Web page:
Thursday, May 17, 2012

Brazilian Steakhouses: What's Up With That?

Brazilian steakhouses get all the love. Isn't that weird?

Let me back up. I am a huge fan of  Urbanspoon - no surprise since the site is run by restaurant-loving data nerds. Since I am also a restaurant-loving data nerd, I especially enjoy when the Urbanspoon crew mines their data. This week, they evaluated their entire database to determine the 250 high end restaurants that receive the most attention from users, bloggers and traditional media.

And do you know what their results show? Coast to coast, people cannot stop talking about Brazilian steakhouses.

Fogo de Chao received the most attention - it's on the short list in 14 different cities, including Baltimore, where it is the third most talked about restaurant (behind Waterfront Kitchen and Wit and Wisdom). This fits with my own Google stat knowledge - searches for  Fogo drive quite a few people to my 2008 post about the restaurant.

Considering Fogo only has 18 locations in the U.S., the fact that 14 of them show up on this list is pretty impressive. (Beverly Hills, Las Vegas, Denver and Miami are the locations not included.)

In addition to Fogo, seven additional Brazilian steakhouses make the list (maybe even more - those seven have obvious names). In nine of the 70 cities included, a Brazilian steakhouse takes the top spot (that's 13%). Several cities have more than one Brazilian steakhouse on their list - in Washington D.C., where there are a lot of good restaurants, Chima Brazilian Steakhouse is #1 and Fogo is #2 (three out of Chima's four locations make the list).

So back to my original question - what is it about these places?

I have to admit that I didn't love my experience at Fogo de Chao. I didn't hate it, but it was hectic and some of the meat was overdone. We went once four years ago and haven't been back since. For me, going out to dinner is active - I talk and observe and try other people's food. I don't just passively sit, waiting for someone to serve me. But in the end, I usually find dining out relaxing. Fogo was not a relaxing experience. I like relaxing experiences in restaurants.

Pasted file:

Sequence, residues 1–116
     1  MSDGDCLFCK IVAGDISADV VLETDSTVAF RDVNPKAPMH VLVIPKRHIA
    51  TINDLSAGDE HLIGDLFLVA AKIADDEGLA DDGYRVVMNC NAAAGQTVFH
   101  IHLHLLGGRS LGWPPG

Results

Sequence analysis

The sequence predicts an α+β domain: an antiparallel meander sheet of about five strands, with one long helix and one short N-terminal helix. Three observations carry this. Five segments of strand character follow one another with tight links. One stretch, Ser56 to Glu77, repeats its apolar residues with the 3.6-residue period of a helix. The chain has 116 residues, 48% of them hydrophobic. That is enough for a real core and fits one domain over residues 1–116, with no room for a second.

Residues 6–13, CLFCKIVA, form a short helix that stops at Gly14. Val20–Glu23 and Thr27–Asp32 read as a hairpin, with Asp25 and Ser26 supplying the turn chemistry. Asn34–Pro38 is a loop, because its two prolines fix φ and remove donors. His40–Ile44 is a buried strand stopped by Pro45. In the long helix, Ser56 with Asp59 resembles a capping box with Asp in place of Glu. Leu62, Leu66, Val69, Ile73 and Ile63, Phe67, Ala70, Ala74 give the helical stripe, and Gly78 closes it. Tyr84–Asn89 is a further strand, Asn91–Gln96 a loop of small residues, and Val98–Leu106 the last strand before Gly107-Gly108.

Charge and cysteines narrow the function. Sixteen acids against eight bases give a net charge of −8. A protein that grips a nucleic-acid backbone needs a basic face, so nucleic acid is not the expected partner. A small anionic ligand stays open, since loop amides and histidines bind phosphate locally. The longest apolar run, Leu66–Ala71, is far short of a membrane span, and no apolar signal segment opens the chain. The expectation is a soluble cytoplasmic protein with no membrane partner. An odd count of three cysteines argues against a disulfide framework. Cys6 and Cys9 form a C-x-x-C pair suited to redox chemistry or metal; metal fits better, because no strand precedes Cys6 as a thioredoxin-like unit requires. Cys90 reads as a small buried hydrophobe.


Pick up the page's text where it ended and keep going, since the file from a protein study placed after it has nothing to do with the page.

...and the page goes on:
But apparently I'm in the minority, at least among people using Urbanspoon.

My guess is that most people feed of the energy in Brazilian steakhouses - that's why they like them. I also think people just like being around all that meat.

And, let's be fair, there are worse things than being surrounded by tons of meat.

Aside: Other interesting things about the Baltimore list - Salt is #5 and Woodberry Kitchen is #6 out of 6. I think Salt is great, but Woodberry definitely gets more press - I'm surprised that Salt would even make the top 15 in terms of attention. Woodberry's lower score might be because Urbanspoon doesn't capture all of the national press the restaurant gets. But I'm still puzzled by Salt's high ranking. Good for them - they deserve it. But I didn't expect to see them there.


Nakiya said...

I love this post!!!

I am SO surprised by the Fogo thing. It doesn't make any sense to me. I see that restaurant as a one-time experience. I went there, ate a TON of food and now I never need to go there again.

When I went there I thought the food was good, but I literally ate the most I've ever eaten in my life. I was so full that my heart was racing! I felt like I had to get my money's worth and try ALL the meat and then some. That place is just too much.

Also, I've never been to Salt, but I am also surprised that it's so high on the list....I don't feel like people talk about that place as often as some other restaurants in town.

Kit Pollard said...

Thanks, Nakiya!

And I felt the same way - there's something about "all you can eat" (or all you can drink, for that matter) that always makes me overindulge. I remember feeling sick for about 24 hours after my dinner there.

Conrad from Urbanspoon said...

Building the list, this was the biggest thing that stood out to me. I actually checked the data very carefully on this. Here's my hypothesis. The brazilian steakhouses tend to be celebratory overindulgence experiences . . . which have a higher than average rate of people sharing their dining experience. They also tend to be very large establishments - it's not a small hole in the wall with 8 tables - so be definition you get more volume. This is one of the reasons I made typified the list as "most popular."

Conrad from Urbanspoon

Kit Pollard said...

Thanks for commenting, Conrad! Both of those points make a lot of sense - and most of the other restaurants on the Baltimore list fall into those categories, as well.

I know you're not from Baltimore, but those theories actually make Salt's appearance on the list even MORE interesting - it's on the smallish side and I think of it as an upscale neighborhood restaurant vs. someplace people out of the city think of for celebrations.

It did receive a lot of attention a few years ago, when foie gras protesters picketed for a while, but that was a while back. It's an interesting puzzle!


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